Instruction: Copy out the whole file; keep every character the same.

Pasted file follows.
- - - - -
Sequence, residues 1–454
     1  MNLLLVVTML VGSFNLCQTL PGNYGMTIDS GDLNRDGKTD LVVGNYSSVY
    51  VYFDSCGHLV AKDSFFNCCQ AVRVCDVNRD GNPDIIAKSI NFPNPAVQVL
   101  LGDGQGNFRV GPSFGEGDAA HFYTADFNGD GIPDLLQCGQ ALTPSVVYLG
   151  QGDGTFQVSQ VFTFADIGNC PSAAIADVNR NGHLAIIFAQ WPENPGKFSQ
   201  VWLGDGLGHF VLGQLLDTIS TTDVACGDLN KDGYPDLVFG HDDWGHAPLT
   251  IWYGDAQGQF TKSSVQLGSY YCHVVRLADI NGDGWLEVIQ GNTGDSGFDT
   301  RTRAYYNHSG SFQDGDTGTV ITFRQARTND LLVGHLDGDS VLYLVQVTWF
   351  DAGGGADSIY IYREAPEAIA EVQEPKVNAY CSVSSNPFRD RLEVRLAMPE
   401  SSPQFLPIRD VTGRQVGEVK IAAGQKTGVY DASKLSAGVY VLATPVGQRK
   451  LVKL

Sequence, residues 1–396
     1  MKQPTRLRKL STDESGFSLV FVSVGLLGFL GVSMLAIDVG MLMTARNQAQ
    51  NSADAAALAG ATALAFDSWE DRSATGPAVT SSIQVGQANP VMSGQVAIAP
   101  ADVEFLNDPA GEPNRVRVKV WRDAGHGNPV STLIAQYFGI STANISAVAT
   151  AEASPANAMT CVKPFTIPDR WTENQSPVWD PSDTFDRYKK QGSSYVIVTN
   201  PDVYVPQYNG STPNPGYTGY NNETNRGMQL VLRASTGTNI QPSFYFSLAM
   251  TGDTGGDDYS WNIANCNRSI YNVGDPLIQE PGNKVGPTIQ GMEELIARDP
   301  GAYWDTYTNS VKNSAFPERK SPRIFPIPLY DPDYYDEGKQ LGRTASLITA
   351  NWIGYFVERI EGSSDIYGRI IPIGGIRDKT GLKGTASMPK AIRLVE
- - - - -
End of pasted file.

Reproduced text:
Sequence, residues 1–454
     1  MNLLLVVTML VGSFNLCQTL PGNYGMTIDS GDLNRDGKTD LVVGNYSSVY
    51  VYFDSCGHLV AKDSFFNCCQ AVRVCDVNRD GNPDIIAKSI NFPNPAVQVL
   101  LGDGQGNFRV GPSFGEGDAA HFYTADFNGD GIPDLLQCGQ ALTPSVVYLG
   151  QGDGTFQVSQ VFTFADIGNC PSAAIADVNR NGHLAIIFAQ WPENPGKFSQ
   201  VWLGDGLGHF VLGQLLDTIS TTDVACGDLN KDGYPDLVFG HDDWGHAPLT
   251  IWYGDAQGQF TKSSVQLGSY YCHVVRLADI NGDGWLEVIQ GNTGDSGFDT
   301  RTRAYYNHSG SFQDGDTGTV ITFRQARTND LLVGHLDGDS VLYLVQVTWF
   351  DAGGGADSIY IYREAPEAIA EVQEPKVNAY CSVSSNPFRD RLEVRLAMPE
   401  SSPQFLPIRD VTGRQVGEVK IAAGQKTGVY DASKLSAGVY VLATPVGQRK
   451  LVKL

Sequence, residues 1–396
     1  MKQPTRLRKL STDESGFSLV FVSVGLLGFL GVSMLAIDVG MLMTARNQAQ
    51  NSADAAALAG ATALAFDSWE DRSATGPAVT SSIQVGQANP VMSGQVAIAP
   101  ADVEFLNDPA GEPNRVRVKV WRDAGHGNPV STLIAQYFGI STANISAVAT
   151  AEASPANAMT CVKPFTIPDR WTENQSPVWD PSDTFDRYKK QGSSYVIVTN
   201  PDVYVPQYNG STPNPGYTGY NNETNRGMQL VLRASTGTNI QPSFYFSLAM
   251  TGDTGGDDYS WNIANCNRSI YNVGDPLIQE PGNKVGPTIQ GMEELIARDP
   301  GAYWDTYTNS VKNSAFPERK SPRIFPIPLY DPDYYDEGKQ LGRTASLITA
   351  NWIGYFVERI EGSSDIYGRI IPIGGIRDKT GLKGTASMPK AIRLVE